## Compute Operating Points from Specifications Using Model Linearizer

You can compute a steady-state operating point of a Simulink^{®} model by specifying constraints on the model states, outputs, and
inputs, and finding a model operating condition that satisfies these constraints.
For more information on steady-state operating points, see About Operating Points and Compute Steady-State Operating Points.

To find an operating point for your Simulink model, you can interactively trim your model using Model Linearizer, as shown in this example.

Alternatively, you can trim your model:

In Steady State Manager. For more information, see Compute Operating Points from Specifications Using Steady State Manager.

At the command line. For more information, see Compute Operating Points from Specifications at the Command Line.

In this example, you compute an operating point to meet state specifications. Using a similar approach, you can define output or input specifications. Also, you can define a combination of state, output, and input specifications; that is, you do not have to use, for example, only state specifications.

For more information on trimming your model to meet specifications, see Compute Steady-State Operating Points from Specifications.

### Open Model Linearizer

Open the Simulink model.

`openExample("scdspeed")`

To open the Model Linearizer, in the Simulink model window, in the **Apps** gallery, click
**Model Linearizer**.

### Define Operating Point Specifications

In Model Linearizer, on the **Linear Analysis**
tab, in the **Operating Point** drop-down list, select
`Trim Model`

.

In the Trim the model dialog box, on the **Specifications**
tab, you can define specifications for model states, inputs, and outputs.
For this example, click the **States** tab.

By default, on the **States** tab, the app specifies both
model states to be at equilibrium, as shown by the check marks in the
**Steady State** column. Both states are also
specified as unknown values; that is, their steady-state values are
calculated during trimming, with an initial guess specified in the
**Value** column.

Change the second state, the engine angular velocity, to be a known value.
In the **Known** column, select the corresponding row and,
in the **Value** column, set the value to
`180`

.

You can also specify bounds for model states during trimming. For this
example, constrain the first state to be between `0.5`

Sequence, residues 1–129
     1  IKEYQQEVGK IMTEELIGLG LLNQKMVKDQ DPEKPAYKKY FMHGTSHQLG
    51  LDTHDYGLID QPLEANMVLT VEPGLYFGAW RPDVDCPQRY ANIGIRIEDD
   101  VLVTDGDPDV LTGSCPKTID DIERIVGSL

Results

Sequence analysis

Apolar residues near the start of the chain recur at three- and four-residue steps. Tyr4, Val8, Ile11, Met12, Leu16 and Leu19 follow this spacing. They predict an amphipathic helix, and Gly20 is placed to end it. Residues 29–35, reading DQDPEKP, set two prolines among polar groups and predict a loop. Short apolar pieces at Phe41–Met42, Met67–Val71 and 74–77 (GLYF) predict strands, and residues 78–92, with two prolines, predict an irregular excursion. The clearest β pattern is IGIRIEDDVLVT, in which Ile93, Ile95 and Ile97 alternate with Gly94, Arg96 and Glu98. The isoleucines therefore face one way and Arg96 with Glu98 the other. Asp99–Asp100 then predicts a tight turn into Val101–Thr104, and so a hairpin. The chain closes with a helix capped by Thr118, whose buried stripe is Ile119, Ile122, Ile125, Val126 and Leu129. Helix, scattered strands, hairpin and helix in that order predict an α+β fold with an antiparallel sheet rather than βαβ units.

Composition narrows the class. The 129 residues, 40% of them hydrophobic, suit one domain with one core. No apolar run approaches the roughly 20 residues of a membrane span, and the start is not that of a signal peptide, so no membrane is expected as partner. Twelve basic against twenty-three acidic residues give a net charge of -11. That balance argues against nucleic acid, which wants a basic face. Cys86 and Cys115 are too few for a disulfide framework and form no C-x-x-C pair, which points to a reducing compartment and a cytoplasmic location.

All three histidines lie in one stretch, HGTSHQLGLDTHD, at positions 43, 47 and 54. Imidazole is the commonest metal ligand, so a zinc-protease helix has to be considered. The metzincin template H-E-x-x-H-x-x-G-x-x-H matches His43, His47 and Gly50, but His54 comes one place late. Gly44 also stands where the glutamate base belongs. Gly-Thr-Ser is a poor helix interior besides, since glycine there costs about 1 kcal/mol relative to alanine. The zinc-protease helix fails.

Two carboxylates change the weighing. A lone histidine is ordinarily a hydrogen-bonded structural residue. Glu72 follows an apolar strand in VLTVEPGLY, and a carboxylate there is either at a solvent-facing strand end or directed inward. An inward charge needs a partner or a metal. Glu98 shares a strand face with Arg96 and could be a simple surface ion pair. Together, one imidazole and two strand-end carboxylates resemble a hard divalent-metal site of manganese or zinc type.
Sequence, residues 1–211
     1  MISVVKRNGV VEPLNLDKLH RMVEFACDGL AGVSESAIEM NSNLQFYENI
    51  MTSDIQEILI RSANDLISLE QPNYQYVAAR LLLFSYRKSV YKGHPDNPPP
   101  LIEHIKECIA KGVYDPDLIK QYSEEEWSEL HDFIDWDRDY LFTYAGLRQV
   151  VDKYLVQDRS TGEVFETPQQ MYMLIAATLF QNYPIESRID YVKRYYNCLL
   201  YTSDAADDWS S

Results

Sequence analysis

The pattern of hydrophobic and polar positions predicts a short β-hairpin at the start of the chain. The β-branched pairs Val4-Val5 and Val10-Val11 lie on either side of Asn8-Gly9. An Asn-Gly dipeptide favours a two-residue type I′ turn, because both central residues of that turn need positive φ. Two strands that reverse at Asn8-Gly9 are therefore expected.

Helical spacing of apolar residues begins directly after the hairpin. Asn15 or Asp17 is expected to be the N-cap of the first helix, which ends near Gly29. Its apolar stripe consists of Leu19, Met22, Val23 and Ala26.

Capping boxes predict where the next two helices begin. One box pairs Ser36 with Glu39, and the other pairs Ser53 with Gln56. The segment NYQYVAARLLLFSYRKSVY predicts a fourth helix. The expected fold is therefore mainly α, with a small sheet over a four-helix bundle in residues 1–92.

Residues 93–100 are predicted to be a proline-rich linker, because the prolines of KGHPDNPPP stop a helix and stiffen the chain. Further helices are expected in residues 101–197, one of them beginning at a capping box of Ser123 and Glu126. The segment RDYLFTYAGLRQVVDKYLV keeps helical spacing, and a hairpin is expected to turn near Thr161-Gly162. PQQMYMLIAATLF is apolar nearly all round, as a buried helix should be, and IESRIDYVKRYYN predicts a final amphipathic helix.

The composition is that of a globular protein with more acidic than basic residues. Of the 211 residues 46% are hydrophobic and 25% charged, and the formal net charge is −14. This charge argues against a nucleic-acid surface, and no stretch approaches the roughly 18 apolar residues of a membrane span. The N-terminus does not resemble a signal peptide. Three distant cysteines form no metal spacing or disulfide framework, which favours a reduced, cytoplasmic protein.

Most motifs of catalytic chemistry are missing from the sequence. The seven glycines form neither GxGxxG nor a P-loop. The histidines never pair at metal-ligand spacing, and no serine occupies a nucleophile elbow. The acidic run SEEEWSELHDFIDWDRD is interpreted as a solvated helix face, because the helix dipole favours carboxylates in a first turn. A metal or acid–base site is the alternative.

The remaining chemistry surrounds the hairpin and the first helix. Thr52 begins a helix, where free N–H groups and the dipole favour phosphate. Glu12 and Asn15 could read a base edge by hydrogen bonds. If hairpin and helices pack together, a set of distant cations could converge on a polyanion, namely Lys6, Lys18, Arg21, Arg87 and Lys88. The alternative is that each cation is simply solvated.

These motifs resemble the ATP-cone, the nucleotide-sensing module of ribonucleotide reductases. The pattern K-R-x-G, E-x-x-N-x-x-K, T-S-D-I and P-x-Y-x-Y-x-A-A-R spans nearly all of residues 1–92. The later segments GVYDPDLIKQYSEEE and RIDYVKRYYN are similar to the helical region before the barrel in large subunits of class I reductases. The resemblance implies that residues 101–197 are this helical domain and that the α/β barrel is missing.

and
`0.7`

. To do so, enter these values in the
**Minimum** and **Maximum** columns,
respectively.

### Trim Model

To compute an operating point that meets these specifications, click
**Start trimming**.

The software uses an optimization search to find the operating point that meets your specifications.

The Trim progress viewer shows the optimization progress and that the
optimization algorithm terminated successfully. The **(Maximum
Error)** column shows the maximum constraint violation at
each iteration. The **Block** column shows the block to
which the constraint violation applies.

The trimmed operating point, `op_trim1`

, appears in the
**Linear Analysis Workspace**.

To evaluate whether the resulting operating point values meet the
specifications, in the **Linear Analysis Workspace**,
double-click `op_trim1`

.

In the Edit dialog box, on the **State** tab, the
**Actual Value** for the first state falls within the
**Desired Value** bounds, and the actual angular
velocity is `180`

, as specified.

The **Actual dx** column shows the rates of change of the
state values at the operating point. Since these values are near zero the
states are not changing, showing that the operating point is in a steady
state.

### Constrain State Derivatives

When you trim your model to meet state specifications, you can also constrain the derivatives of states that are not at steady state. Using such constraints, you can trim derivatives to known nonzero values or specify derivative tolerances for states that cannot reach steady state.

For example, suppose you want to find the operating condition at which the
engine angular velocity is 180 rad/s and the angular acceleration is
`50`

rad/s^{2}. To do so,
first open the Trim the model dialog box. In the Model
Linearizer, in the **Operating Point** drop-down
list, select `Trim Model`

.

In the **Steady State** column, clear the selection in the
corresponding row. Then, in the **dx Minimum** and
**dx Maximum** columns, set both state derivative
bounds to `50`

.

To compute the operating point, click **Start
trimming**.

In the **Linear Analysis Workspace**, double-click
`op_trim2`

.

In the Edit dialog box, in the second row, the **Actual
dx** column matches the **Desired dx**
column. Therefore, the operating point meets the specified state derivative
constraints.

After trimming your model, you can:

Linearize your model at the resulting operating point. For more information, see Linearize at Trimmed Operating Point.

Simulate your model at the resulting operating point. For more information, see Simulate Simulink Model at Specific Operating Point.